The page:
Friday, October 30, 2009

Ravi Shankar

Pandit Ravi Shankar (Bengali: রবি শংকর, "Pandit" is honorific) (born April 7, 1920) is a Bengali Indian sitar player and composer. He is a disciple of Baba Allauddin Khan, the founder of the Maihar gharana of Hindustani classical music, and the father of Grammy-award-winning singer-songwriter Norah Jones and sitar player Anoushka Shankar.

Ravi Shankar is a leading Indian instrumentalist of the modern era. He has been a longtime musical collaborator of tabla-players Ustad Allah Rakha, Kishan Maharaj and intermittently also of sarod-player Ustad Ali Akbar Khan. His collaborations with violinist Yehudi Menuhin, film maker Satyajit Ray, and The Beatles (in particular, George Harrison) added to his international reputation.

He has received many awards throughout his career, including three Grammy Awards and an Academy Award nomination. In 1999, Ravi Shankar was awarded the Bharat Ratna award, India's highest civilian honor.

Personal life and education

Ravi Shankar was born in Benares, India. His family originally hails from Narail, Jessore district, East Bengal, now in Bangladesh.

His first wife, sitarist Annapurna Devi is the daughter of his teacher, Ustad Alauddin Khan. They had a son, Shubhendra Shankar (1942-92), who was also a musician.

Shankar later had two other children, singer Norah Jones in 1979 with Sue Jones and sitarist Anoushka Shankar in 1981 with Sukanya Shankar. Shankar is also the brother of dancer and choreographer, Uday Shankar, with whom he started giving stage shows as a child artist. He is the uncle of Indian musician Ananda Shankar and of the Indian dancer and actress Mamata Shankar. It is worth noting that despite popular belief, the Tamil violinist L. Shankar is not related to Ravi.

Musical career

Ravi Shankar has been on stage from the age of 10 and has been all over the world as a dancer and a musician. He first performed publicly in India in 1939. He finished his formal training in 1944 and worked out of Mumbai (Bombay). He began writing scores for film and ballet and started a recording career with HMV's Indian affiliate. He became music director of All India Radio in the 1950s. From 1946 onwards he began to compose original music for films. Some of his most noted scores include the ones for Satyajit Ray's Apu Trilogy and Richard Attenborough's Gandhi. He also composed the tune for Saare Jahan Se Achcha.

Ravi Shankar then became well known to the music world outside India, first performing in the former Soviet Union in 1954 and then the West in 1956. He performed in major events such as the Monterey Pop Festival and at major venues such as the Royal Festival Hall.

Already performing in major concert halls all around the world, Shankar, having attained pop cultural fame, was invited to play venues that were unusual for a classical musician, such as the 1967 Monterey Pop Festival in Monterey, California, with Ustad Allah Rakha on tabla. He was also one of the artists who performed at the Woodstock Festival in 1969, and with George Harrison was one of the organizers of The Concert for Bangladesh in 1971, in an attempt to raise awareness of the growing crisis (see 1970 Bhola cyclone, Bangladesh Liberation War and 1971 Bangladesh atrocities carried out by West Pakistan Army) that was occurring in East Pakistan (now independent Bangladesh) at the hand of West Pakistan Army where Shankar's family origins lay. It was Ravi Shankar who asked George Harrison for his help to raise funds for Bangladesh. Ravi Shankar & Friends co-headlined Harrison's 1974 tour of North America with mixed reviews. His final working album with Harrison was on a 1997 album, Chants of India, where Harrison developed an interest in chant music. After his colleague's death on 29 November in 2001, following a long fight against cancer, Shankar, his daughter, Anoushka, along with Paul McCartney, Ringo Starr, Jeff Lynne, Eric Clapton, Tom Petty, Billy Preston, among many others attended the Concert for George in London, where Shankar dedicated the memorial to Harrison.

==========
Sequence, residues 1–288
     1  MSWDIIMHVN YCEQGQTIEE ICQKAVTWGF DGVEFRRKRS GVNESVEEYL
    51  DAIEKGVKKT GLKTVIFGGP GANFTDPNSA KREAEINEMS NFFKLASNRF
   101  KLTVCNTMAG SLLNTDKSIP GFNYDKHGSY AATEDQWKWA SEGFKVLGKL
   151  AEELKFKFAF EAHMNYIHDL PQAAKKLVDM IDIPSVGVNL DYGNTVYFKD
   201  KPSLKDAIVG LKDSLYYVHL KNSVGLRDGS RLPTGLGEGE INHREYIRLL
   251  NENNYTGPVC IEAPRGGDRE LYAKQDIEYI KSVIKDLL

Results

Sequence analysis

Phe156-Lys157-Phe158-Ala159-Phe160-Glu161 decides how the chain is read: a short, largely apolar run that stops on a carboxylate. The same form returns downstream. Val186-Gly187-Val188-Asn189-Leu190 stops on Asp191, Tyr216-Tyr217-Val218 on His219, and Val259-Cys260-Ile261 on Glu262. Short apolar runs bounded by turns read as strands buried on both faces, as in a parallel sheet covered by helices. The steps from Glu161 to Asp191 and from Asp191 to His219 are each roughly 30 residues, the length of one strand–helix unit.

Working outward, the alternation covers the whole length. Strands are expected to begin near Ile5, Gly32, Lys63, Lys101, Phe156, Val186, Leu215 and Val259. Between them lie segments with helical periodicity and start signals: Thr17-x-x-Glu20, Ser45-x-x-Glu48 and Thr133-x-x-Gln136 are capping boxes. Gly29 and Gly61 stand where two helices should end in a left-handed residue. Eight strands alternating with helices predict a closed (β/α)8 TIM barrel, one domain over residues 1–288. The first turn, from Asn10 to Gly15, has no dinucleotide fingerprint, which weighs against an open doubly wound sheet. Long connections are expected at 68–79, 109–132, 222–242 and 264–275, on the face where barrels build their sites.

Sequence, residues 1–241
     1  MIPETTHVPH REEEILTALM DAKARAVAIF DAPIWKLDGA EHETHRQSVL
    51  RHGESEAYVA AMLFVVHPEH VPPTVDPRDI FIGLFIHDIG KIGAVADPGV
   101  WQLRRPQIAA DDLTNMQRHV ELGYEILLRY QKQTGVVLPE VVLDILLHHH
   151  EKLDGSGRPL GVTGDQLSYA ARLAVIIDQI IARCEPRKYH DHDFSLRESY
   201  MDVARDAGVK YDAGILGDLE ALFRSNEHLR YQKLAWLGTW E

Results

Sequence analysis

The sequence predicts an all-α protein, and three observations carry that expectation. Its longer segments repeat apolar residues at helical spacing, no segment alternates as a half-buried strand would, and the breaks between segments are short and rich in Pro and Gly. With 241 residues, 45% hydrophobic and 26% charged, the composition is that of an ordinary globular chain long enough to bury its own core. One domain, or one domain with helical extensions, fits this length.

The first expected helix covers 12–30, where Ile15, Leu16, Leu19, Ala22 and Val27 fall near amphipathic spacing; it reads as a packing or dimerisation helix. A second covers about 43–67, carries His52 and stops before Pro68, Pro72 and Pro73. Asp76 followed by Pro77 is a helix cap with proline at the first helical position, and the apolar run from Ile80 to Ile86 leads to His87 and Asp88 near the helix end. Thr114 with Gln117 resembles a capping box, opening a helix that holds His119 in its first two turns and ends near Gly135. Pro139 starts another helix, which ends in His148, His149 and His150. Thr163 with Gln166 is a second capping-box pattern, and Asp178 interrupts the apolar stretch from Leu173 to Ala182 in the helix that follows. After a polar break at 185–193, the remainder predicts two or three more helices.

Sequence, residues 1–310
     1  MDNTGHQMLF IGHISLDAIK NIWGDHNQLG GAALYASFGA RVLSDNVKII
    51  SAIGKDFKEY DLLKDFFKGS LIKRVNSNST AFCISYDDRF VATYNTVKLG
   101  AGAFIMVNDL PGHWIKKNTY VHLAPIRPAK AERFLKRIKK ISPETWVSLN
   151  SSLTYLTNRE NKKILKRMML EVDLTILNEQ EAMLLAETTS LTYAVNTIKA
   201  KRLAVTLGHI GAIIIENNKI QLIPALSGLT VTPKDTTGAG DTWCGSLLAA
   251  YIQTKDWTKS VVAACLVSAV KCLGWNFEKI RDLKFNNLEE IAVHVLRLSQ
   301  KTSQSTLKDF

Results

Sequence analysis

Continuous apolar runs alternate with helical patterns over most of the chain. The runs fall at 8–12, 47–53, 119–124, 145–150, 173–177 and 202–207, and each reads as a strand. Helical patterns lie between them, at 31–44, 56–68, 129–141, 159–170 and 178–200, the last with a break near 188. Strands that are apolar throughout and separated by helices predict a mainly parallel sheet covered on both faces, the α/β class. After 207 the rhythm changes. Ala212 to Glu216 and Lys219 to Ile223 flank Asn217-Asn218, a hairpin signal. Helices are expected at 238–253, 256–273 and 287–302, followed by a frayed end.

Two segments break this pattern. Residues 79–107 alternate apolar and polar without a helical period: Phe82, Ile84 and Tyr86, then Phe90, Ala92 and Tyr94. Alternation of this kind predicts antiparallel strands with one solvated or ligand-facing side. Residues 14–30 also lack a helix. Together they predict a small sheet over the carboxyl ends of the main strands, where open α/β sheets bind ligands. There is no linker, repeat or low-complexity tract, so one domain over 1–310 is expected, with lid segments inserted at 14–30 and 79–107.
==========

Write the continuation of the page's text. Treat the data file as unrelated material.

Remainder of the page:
Shankar has been critical of some facets of the Western reception of Indian music. On a trip to San Francisco's Haight-Ashbury district after performing in Monterey, Shankar wrote,
“ I felt offended and shocked to see India being regarded so superficially and its great culture being exploited. Yoga, Tantra, mantra, kundalini, ganja, hashish, Kama Sutra? They all became part of a cocktail that everyone seemed to be lapping up! ”

In 1969 he published an English language autobiography, "My Music, My Life".

Always ahead of his time, Shankar has written two concertos for sitar and orchestra. His 3rd concerto will be given its debut performance by Orpheus Chamber Orchestra and his daughter Anoushka Shankar.The piece is scored for solo sitar and orchestra consisting of piccolo, oboe, English horn, clarinet, bassoon, horn, trumpet, timpani, 2 percussionists, harp and strings. In the first two concertos, Shankar doubled as composer and soloist. For his third concerto, commissioned by Orpheus, he calls on his daughter Anoushka Shankar, a leading sitar player of her generation and a rising world music star. To meet the challenge of notating Indian musical concepts in Western notation, Shankar enlisted the Welsh conductor David Murphy to help transcribe the work into an orchestral score. The concerto begins with an energetic orchestral overture, introducing the exotic musical language of sinuous melodies, shifting rhythms and drone notes. Unlike typical Western concert music, which derives much of its momentum from harmony and key relationships, Indian music builds intensity through melodic and rhythmic elaboration. Call-and-response passages offer special insight into the translation of the sitar's sonorities into an orchestral idiom.